Disabled Farmers Prove Abilities to Grow Food

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A group of disabled farmers known as the Life is Good Disabled Organization (LGDO) in Ganta, Nimba County has planted a local variety of cassava on an acre of land.

The physically challenged said their aim is to earn income and support their families from proceed from the cassava that they would harvest from the farm.

Despite the Ebola crisis, which has also affected Liberia’s agriculture sector, the disabled farmers generated L$2,500 from the sale of beans intercropped on one acre of cassava planted from their last harvest.

They used the harvested cassava to feed members of the group who turned out twice a week to do some works on the farm.

The purpose of the disabled farmers’ project is to generate money to transform it in to meaningful business ventures, such as soap making.

The money from the bean harvest was used to buy materials to manufacture soap, another positive result from the group’s increased production, according to Abigail Gonkarnue, chairlady of the organization.  

“Being a disable person does not mean incapable to work and earn money for oneself. It is not good to always look for charity from individuals and organizations. This is why we have focused on faming to raise money and support our children,” she explained.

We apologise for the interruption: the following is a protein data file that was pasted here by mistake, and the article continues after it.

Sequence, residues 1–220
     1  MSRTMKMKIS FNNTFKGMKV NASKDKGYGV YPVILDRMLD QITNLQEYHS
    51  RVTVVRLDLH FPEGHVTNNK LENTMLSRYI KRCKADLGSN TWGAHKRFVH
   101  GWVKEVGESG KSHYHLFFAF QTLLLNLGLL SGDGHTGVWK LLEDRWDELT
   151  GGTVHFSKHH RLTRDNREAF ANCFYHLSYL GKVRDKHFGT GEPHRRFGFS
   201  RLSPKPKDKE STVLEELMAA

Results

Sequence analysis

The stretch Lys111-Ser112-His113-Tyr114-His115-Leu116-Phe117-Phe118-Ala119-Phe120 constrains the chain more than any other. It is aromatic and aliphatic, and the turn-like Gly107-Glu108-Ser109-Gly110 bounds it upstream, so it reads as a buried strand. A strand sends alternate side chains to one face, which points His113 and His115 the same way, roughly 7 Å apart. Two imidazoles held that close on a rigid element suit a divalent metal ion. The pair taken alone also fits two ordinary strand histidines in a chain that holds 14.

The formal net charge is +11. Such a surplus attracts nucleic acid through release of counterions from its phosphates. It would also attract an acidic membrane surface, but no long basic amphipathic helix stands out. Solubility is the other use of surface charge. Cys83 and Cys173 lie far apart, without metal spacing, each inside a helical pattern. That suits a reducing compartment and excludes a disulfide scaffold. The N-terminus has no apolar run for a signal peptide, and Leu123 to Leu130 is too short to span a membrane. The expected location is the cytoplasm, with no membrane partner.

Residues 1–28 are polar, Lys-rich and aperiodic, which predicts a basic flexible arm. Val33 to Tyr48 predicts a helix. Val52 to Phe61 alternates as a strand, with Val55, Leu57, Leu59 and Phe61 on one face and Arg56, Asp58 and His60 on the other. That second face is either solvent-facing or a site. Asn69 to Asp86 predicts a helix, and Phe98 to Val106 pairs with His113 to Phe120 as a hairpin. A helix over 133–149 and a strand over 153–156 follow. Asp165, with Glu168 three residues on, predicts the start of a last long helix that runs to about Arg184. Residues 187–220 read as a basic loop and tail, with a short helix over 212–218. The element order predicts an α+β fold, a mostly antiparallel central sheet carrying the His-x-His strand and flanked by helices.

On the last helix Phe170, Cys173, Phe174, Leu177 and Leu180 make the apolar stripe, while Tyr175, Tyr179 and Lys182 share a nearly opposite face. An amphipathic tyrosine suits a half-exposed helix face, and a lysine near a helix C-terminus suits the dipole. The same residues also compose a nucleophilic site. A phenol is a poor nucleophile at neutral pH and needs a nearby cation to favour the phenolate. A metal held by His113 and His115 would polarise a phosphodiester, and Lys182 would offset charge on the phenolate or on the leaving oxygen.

The Life is Good Disable Organization is made up of 30 people, all of which are physically challenged, including being deaf and blind.

Kougbay Z. Kulah, coordinator of the Nimba County disabled community, said that there is a need for members of the disabled community in Nimba to get access to quality education and health care.

“We want the government to provide us technical training in soap making and dyeing clothe. Our children need scholarships to get educated as well,” he said. 

 He said there are over 8000 disabled people in Ganta, Nimba County who need some form of support from the government, and many of the programs designed for members of the disabled community in Liberia are not reaching those in the rural areas.

Mr. Kulah said because of the importance of food security the disabled community is calling on the government for more supports to produce food.

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